Tuesday, April 17, 2012

Of Gunwales, Yoghurts and Not Wasabi

I have to keep my mouth shut a lot of  the time when I meet up with folk on proper working boats for fear of putting my foot in it.  I just haven’t learned the lingo.  I don’t know a snubber from a snatcher or a Joey boat from a Tom Pudding.  I believe the latter may be some sort of cat based dessert.

Anyone who has met me will know that I don’t speak in BBC English.  Actually being a native of South Worcestershire, there is one BBC programme where I would have an authentic accent – The Archers.  However in writing  I do like to get old words right, preferring to write gunwales rather than gunnels, and I am pleased to say that at least one of my kids has followed suit.  Our Richard – himself a liveaboard narrowboater refuses to buy yoghurt if the tub calls it a yogurt.  Sadly he is running out of options on this front and down to only a couple of makes.

Where is all this leading? You may ask.  Well, see if you can work it out from this email which I was pleased to receive from Richard yesterday.

“I don't know how regular an occurrence it is for the Countdown Conundrum to go unsolved by contestants, audience and hosts alike but I got today's well within time and so would you have.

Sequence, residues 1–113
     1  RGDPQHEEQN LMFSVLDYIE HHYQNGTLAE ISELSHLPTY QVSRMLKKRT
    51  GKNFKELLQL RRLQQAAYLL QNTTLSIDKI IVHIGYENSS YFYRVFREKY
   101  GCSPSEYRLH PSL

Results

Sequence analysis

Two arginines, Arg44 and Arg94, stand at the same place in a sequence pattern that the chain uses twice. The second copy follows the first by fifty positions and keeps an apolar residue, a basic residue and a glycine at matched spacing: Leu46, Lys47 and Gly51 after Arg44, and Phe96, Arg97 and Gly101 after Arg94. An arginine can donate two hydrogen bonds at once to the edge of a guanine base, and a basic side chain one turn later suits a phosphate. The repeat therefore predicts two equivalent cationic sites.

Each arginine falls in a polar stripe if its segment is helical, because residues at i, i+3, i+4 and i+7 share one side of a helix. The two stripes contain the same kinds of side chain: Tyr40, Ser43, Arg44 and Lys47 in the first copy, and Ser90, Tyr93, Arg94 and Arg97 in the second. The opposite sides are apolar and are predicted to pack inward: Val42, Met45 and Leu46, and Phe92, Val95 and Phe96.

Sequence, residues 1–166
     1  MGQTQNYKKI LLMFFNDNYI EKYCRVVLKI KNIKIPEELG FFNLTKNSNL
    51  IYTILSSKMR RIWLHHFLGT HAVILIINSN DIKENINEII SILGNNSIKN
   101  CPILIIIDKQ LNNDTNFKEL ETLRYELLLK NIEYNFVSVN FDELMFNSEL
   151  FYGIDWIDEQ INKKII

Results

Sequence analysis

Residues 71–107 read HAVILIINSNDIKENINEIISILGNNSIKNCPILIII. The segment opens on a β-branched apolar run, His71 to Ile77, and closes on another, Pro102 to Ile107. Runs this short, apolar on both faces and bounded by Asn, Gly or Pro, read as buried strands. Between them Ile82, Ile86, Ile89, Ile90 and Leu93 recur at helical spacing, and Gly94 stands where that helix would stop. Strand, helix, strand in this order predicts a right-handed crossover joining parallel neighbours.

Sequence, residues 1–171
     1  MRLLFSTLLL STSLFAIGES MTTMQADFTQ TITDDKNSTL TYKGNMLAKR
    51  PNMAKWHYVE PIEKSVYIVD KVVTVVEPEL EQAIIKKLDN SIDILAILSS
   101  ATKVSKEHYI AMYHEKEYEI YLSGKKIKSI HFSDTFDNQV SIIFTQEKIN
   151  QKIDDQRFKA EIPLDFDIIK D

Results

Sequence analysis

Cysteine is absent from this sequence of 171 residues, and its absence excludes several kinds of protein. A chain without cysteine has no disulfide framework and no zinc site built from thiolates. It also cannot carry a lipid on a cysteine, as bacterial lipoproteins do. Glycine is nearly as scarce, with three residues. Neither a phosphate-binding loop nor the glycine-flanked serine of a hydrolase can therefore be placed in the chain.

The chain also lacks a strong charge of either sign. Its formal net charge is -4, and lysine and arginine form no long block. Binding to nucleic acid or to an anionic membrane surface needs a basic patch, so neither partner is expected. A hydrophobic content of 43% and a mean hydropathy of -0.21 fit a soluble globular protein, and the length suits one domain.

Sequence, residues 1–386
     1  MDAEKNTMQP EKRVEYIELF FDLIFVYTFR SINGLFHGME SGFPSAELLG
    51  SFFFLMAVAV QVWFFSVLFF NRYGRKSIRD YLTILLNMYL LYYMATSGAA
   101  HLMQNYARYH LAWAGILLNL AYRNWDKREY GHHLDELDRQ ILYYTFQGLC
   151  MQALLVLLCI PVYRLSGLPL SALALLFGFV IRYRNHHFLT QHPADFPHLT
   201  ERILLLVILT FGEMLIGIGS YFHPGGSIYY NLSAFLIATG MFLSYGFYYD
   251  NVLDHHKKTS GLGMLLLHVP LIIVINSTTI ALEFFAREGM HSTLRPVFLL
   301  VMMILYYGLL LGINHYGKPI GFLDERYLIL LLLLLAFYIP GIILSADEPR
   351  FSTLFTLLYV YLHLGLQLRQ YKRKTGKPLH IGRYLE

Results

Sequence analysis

And here is today's conundrum


Tick-tock, tick-tock, tic-tock, tick-tock, doong, doong, doong, doong, doong, doong, da-da, da-da, da-da-la-da, beeeeeuw!
and the answer is.....


That's a proper bit of conundrumming for ya! “

If you can’t work that one out, you don’t deserve to.


Roger Smith said...

Ah the old wagon for carrying boats, a bit like the one for carrying hay PC99 painted.

Sarah said...

If yoghurt, why not yoghourt, which seems to have enjoyed a vogue in the past. The Concise Oxford (even my very old edition) gives yogurt as an acceptable spelling (along with yaourt, which doesn't seem to have caught on). I wonder whether there is a tendency for foreign words entering the English language to start off with complex spellings, reflecting their exocitism and exclusivity, that gradually become simplified as they become part of day to day English, and the day to day English diet.

As for gunnel, again the COD gives this as an alternative spelling; I tend to think of it as a canal boat term, used and spelled casually, whereas gunwale is the more 'proper' nautical term. It is surely no different from bosun for boatswain, and 'bosun' is now almost universally used (hence the challenge of that particular conundrum).